Who doesn’t like a good, clean debate?
May 28, 2008
This past Monday, Toronto’s ROM hosted the inaugural edition of the Munk Debates, an event hosted by Peter Munk and his wife Melanie, and aimed at increasing the quality of public policy debate in Canada. While some were intrigued by the fact that the first debate centered around the US election and hosted no Canadian speakers, you can’t deny that these are still exciting times down south (for those of us who haven’t burnt out already) and it was probably smart to start with a hot topic.
The debate was technically about whether a Republican in the White House would make the world a safer place, but it ended up boiling down to Obama vs. McCain (even former diplomat Richard Holbrooke, an adviser to Hilary Clinton, didn’t really argue with the notion that his candidate’s dreams were dust).
And further, because it was a debate, those in attendance weren’t always witnessing the highest form of political discourse. I love Niall Ferguson the historian, but Niall Ferguson the debater is a bit of a cartoonish fear-monger. Though he made an excellent point about our need to pay more attention to China’s race for resources in Africa (and elsewhere), he spent much of the rest of the debate making wise-cracks and breathing fire-and-brimstone. Holbrooke, on the other side, spent much of his time winking at old political friends in the crowd and trying to flatter our minds into mush.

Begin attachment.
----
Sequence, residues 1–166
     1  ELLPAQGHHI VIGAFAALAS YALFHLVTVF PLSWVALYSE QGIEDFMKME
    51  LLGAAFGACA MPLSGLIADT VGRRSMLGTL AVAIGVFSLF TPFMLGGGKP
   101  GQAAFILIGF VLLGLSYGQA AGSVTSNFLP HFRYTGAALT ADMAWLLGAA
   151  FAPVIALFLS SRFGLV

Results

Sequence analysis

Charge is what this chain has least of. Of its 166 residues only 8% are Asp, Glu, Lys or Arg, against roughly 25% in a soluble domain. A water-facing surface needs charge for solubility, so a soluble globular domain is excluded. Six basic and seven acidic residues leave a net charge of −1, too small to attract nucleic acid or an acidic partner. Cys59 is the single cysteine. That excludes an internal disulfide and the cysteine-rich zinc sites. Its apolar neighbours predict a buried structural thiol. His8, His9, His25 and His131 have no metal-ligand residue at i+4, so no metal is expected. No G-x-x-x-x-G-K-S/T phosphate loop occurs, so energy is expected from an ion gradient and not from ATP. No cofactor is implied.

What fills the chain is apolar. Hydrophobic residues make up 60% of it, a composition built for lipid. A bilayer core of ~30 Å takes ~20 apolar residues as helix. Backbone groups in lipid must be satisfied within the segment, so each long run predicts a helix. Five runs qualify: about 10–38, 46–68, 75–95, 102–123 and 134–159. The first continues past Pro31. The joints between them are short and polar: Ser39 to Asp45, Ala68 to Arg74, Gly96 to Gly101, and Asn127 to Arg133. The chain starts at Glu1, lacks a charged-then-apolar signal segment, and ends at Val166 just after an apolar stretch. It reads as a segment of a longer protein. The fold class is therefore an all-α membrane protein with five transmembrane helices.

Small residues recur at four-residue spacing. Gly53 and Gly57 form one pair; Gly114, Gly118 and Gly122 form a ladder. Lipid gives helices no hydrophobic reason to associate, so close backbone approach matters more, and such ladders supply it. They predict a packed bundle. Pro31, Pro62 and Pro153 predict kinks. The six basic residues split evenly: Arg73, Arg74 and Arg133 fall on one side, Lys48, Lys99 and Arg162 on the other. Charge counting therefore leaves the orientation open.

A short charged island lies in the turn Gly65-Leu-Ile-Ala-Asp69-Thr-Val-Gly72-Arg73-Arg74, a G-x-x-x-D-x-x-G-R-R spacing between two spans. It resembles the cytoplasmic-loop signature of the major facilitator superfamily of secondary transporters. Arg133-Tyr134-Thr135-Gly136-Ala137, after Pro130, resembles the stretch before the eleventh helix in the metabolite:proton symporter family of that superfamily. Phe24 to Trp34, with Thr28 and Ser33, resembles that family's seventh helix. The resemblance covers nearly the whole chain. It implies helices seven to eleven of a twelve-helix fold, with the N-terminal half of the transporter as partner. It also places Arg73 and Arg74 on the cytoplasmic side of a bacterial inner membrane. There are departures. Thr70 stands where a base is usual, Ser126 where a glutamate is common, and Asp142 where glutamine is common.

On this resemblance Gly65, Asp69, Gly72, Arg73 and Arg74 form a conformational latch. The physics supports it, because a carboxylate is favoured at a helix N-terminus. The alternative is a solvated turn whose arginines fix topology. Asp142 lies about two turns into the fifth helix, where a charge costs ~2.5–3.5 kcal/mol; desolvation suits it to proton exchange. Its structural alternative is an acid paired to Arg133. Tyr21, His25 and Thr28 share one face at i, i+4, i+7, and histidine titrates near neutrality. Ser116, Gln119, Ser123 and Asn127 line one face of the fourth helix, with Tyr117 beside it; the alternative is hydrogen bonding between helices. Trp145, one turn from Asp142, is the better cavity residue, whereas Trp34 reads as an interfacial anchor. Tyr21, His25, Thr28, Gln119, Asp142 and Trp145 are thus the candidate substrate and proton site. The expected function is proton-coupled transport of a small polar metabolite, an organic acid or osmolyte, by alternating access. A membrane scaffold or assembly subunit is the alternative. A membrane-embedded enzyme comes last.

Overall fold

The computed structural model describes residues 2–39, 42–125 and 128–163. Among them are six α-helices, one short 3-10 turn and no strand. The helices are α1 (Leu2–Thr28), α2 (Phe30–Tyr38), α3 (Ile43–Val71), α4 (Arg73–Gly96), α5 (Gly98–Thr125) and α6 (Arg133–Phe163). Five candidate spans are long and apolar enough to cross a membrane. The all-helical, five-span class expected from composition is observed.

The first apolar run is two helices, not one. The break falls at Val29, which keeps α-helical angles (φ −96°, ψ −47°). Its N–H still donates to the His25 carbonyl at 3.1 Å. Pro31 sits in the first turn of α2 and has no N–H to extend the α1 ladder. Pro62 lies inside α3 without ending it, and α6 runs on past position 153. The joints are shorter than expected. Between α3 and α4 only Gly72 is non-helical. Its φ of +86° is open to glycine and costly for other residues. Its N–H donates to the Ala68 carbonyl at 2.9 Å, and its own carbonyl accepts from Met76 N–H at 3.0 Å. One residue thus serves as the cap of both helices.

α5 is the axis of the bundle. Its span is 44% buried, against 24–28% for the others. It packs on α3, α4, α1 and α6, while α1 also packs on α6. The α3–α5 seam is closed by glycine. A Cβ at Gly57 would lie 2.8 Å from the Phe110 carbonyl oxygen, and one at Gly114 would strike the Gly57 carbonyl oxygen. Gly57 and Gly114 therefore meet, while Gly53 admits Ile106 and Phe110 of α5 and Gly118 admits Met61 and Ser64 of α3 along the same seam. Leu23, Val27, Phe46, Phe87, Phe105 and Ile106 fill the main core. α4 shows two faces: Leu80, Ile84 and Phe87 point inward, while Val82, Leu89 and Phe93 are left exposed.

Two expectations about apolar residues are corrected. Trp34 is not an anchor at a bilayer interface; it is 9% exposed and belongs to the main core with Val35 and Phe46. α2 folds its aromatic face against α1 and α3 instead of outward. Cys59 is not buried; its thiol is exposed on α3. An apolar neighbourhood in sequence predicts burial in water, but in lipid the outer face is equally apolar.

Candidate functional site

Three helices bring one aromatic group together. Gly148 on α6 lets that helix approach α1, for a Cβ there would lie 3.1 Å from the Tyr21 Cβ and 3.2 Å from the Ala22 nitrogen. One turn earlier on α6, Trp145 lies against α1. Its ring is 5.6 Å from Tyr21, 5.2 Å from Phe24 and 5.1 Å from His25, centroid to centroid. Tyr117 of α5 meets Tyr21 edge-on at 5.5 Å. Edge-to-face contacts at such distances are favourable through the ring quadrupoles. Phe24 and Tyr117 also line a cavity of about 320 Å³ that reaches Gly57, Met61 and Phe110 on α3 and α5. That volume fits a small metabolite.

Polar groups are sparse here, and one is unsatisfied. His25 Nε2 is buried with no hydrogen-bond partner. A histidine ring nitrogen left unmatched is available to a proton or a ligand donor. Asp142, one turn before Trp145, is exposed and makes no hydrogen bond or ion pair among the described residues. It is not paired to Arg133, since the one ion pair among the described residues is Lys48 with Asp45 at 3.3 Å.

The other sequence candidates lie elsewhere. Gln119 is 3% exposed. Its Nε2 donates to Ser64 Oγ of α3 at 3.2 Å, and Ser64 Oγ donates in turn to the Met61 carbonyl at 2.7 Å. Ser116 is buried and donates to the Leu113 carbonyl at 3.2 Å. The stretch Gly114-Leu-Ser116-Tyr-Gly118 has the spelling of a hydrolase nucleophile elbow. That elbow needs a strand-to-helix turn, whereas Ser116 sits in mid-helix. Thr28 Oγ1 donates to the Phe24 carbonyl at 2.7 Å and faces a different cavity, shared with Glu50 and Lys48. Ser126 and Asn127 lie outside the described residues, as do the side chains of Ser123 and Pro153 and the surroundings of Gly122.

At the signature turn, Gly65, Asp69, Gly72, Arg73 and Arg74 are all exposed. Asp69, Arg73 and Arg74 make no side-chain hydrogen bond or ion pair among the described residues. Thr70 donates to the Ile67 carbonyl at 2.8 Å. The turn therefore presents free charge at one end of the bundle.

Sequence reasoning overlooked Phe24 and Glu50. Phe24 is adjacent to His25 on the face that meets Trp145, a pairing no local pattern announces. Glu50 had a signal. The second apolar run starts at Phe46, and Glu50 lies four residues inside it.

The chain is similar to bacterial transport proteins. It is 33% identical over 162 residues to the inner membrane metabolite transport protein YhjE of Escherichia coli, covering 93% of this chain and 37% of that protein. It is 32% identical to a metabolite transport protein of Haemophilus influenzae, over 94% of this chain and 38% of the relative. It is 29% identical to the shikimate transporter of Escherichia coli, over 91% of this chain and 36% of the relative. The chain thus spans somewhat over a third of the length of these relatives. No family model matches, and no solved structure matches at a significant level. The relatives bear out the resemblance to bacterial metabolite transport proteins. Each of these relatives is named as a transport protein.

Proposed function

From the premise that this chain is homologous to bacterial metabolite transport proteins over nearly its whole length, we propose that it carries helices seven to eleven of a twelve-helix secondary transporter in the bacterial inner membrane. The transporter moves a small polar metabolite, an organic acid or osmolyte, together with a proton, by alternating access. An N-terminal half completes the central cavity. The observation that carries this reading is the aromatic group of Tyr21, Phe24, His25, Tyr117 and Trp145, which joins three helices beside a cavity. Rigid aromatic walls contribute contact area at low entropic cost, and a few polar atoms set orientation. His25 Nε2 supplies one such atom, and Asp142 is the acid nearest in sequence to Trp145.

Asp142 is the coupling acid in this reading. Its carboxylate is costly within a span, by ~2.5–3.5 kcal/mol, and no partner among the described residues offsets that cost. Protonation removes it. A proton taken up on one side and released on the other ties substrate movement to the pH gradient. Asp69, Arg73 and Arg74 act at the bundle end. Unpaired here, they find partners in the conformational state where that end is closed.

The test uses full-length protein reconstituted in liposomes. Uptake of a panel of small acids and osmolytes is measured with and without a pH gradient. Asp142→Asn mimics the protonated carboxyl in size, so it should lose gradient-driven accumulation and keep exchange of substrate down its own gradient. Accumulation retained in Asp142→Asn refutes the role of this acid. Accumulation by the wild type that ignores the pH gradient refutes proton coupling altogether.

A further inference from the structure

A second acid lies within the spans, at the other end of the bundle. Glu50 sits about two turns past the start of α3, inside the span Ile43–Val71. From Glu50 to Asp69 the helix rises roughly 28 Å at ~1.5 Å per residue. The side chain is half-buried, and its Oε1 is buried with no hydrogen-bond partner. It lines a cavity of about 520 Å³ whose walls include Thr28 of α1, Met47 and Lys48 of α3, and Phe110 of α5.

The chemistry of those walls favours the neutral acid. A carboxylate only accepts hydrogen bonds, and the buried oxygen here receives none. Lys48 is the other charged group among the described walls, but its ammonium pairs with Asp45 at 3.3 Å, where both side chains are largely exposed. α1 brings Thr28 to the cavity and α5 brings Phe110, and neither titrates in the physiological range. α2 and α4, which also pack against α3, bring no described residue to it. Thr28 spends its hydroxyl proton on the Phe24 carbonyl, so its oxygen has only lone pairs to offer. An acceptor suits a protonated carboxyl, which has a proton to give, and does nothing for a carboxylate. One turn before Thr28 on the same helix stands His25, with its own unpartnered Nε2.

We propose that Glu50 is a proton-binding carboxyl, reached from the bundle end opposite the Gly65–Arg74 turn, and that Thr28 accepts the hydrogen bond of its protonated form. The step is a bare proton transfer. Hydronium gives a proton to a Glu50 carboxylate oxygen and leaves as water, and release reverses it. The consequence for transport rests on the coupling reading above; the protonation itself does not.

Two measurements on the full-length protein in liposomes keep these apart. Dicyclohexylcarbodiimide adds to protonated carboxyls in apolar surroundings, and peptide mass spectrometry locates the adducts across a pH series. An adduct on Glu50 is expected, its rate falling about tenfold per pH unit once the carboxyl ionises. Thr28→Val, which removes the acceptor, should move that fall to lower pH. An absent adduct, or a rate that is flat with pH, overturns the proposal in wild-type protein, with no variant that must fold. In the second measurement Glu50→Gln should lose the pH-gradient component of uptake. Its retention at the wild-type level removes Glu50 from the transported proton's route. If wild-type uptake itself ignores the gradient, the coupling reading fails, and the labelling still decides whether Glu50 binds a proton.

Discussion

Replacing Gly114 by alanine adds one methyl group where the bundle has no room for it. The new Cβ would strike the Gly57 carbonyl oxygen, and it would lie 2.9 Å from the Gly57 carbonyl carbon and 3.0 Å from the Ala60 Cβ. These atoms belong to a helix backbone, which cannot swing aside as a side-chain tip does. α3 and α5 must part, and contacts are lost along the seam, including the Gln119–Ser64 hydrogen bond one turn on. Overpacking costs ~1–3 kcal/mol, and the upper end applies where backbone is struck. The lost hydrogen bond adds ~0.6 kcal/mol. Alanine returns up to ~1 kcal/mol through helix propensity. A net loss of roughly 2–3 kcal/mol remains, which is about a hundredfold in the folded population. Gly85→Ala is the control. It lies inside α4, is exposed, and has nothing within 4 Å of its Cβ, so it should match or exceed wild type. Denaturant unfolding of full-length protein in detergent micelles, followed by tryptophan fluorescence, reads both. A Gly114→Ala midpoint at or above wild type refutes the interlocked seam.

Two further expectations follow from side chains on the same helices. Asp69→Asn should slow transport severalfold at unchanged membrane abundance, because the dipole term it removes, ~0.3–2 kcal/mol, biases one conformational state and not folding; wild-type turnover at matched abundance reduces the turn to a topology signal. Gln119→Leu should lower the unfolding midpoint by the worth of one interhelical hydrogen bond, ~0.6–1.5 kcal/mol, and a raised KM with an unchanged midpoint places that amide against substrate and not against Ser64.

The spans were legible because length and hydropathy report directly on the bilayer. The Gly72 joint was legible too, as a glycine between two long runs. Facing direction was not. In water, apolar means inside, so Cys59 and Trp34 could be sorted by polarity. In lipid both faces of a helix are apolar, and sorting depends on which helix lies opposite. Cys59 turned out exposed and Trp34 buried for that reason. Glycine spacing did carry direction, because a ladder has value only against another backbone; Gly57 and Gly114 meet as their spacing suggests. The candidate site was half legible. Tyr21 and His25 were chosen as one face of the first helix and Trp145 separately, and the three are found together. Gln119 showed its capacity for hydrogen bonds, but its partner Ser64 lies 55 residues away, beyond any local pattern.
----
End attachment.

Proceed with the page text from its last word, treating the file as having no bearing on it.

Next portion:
The two strongest players were no doubt Samantha Power and Charles Krauthammer; the former because she refused to abandon the subtlety of her arguments in the face of the boy’s school debating club atmosphere, and the latter because he made a clear, insightful, and high-minded case for having an experienced hand at the controls.
Before the debates, Peter Munk declared that he wanted an event that would shake people’s closely held opinions. It looks like he got his way. Where only 29% of attendees agreed with the idea that the safety of the world demands a Republican on the way in, 46% agreed on the way out.
I’m not sure whether that speaks to the power of Ferguson and Krauthammer’s debating skills, or to the fickle minds of those in attendance. You decide. Take a listen to the podcast of the event.